Freeradius and 2 Factor Authentication
owen.nick at gmail.com
Mon Jun 6 16:22:31 CEST 2016
On Sun, Jun 5, 2016 at 5:17 PM, Peter Lambrechtsen <peter at crypt.nz> wrote:
> On Jun 6, 2016 8:32 AM, "Michael Ströder" <michael at stroeder.com> wrote:
>> Michael Ströder wrote:
>> > Peter Lambrechtsen wrote:
>> >> do see there are multiple sites now support TOTP where the enrollment
>> >> seamless for end-users. Login to a web site, use Google Authenticator
>> >> Authy or any other myriad of TOTP clients to scan the QR code.
>> > I really wonder why scanning the shared secret as QR code from a screen
>> > considered an acceptable security practice. :-/
>> BTW: And hosted OTP services have access to all the shared secrets...
> How is that any different to SecurID, safeword,Vasco or any of the other
> commercial token vendors?
We are a vendor that uses asymmetric keys generated on the
devices/your on-premises server designed exactly to avoid this
'vendor-in-the-middle' threat. So, that's different.
> By it's very nature the secret needs to be kept somewhere. Yes Yubikey is
> marginally better as you can generate your own.
> But the CD that comes with your hard token had to be written somewhere and
> the vendors keep a copy. I have in the past been able to get replacement
> keys when rebuilding a SecurID and Vasco box so it would surprise me if
> they destroyed all copies of the token data. The historic SecurID hack
> seems to indicate they didn't then.
> The beauty in soft tokens is it's trivial to reenroll everyone on next
> login. "Sorry our db with hashed passwords and otps got hacked. Please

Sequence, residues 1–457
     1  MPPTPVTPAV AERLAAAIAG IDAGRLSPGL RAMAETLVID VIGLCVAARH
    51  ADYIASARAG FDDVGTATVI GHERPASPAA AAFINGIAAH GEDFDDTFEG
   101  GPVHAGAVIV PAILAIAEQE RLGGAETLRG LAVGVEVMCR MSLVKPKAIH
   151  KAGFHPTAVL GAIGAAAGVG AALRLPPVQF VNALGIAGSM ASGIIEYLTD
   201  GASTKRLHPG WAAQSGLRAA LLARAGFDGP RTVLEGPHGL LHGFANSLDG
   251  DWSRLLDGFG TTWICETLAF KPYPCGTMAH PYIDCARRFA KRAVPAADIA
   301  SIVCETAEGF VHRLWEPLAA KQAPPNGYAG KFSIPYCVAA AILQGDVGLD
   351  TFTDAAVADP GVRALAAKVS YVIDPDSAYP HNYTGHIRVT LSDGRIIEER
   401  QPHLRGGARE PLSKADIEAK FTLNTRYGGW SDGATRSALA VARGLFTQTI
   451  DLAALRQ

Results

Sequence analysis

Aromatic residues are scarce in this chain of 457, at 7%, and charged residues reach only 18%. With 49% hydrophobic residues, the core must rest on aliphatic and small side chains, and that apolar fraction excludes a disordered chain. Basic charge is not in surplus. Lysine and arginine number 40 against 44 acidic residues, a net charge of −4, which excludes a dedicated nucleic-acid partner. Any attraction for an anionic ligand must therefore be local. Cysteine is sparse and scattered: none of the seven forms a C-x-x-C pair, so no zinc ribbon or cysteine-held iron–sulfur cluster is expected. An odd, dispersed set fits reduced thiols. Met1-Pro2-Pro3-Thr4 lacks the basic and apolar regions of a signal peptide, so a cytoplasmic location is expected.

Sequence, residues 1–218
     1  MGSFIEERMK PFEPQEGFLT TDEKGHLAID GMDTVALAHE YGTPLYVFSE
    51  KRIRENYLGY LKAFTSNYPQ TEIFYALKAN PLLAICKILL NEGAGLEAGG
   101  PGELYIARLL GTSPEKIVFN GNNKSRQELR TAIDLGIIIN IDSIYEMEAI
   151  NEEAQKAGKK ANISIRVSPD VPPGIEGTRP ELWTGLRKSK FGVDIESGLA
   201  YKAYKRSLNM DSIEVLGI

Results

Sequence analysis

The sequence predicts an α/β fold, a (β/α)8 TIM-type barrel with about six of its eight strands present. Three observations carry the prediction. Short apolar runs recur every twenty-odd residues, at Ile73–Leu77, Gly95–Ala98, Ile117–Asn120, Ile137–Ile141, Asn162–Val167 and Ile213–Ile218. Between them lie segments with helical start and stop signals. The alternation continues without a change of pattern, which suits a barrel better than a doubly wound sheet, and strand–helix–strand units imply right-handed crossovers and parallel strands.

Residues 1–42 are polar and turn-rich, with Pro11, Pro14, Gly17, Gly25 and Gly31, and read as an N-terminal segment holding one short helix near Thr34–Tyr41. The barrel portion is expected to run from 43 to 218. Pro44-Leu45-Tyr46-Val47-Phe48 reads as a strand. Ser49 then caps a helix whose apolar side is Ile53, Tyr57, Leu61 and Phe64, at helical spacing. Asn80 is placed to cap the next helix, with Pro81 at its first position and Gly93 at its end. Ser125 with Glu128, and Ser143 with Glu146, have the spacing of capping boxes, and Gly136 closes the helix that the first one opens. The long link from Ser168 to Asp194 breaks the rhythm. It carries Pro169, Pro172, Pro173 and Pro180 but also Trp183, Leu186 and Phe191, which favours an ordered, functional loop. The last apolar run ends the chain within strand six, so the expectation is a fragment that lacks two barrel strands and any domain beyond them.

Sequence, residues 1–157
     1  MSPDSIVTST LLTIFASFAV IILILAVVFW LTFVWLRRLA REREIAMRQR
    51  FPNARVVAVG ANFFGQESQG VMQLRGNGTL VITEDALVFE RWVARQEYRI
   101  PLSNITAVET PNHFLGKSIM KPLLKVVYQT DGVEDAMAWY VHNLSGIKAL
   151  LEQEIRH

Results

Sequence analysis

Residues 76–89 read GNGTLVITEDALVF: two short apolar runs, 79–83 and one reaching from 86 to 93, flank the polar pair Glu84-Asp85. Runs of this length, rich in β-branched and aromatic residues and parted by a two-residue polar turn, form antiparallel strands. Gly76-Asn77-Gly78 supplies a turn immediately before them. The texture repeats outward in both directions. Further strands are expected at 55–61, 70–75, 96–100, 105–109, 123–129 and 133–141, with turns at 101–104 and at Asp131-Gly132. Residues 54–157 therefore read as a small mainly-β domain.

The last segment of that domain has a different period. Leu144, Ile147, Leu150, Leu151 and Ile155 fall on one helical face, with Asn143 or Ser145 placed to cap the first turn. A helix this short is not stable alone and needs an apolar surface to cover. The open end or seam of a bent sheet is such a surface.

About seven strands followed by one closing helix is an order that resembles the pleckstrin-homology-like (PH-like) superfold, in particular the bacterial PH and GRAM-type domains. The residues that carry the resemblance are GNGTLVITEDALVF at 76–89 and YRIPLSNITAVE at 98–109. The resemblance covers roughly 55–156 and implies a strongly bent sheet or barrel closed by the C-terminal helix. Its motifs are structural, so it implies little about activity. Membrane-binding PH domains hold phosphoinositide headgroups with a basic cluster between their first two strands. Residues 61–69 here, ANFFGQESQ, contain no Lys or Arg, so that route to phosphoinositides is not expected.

> reenroll by scanning the qr and remove the old one."
This is why I think the OTP algorithm is not that important. The
important protocol for most orgs is radius, b/c it will allow you to
move between auth servers easily.
> If it were so bad how come Google, dropbox, linkedin, github and a whole
> myriad of different online companies have implemented it for second factor
> auth? And they all enroll you separately so you now need a key locker /
> authy / google authenticator to manage the individual otps for each company.
Like most things in security, it was there and made it easy to check the box.
> I see it no worse than any other OTP solution as the secret needs to be
> kept secret.
I'll just say that I am very glad to not have possession of all our
customers' shared secrets. It helps me sleep at night.
I am very glad to see other people actually care about this.
>> Ciao, Michael.
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WiKID Systems, Inc.
Commercial/Open Source Two-Factor Authentication
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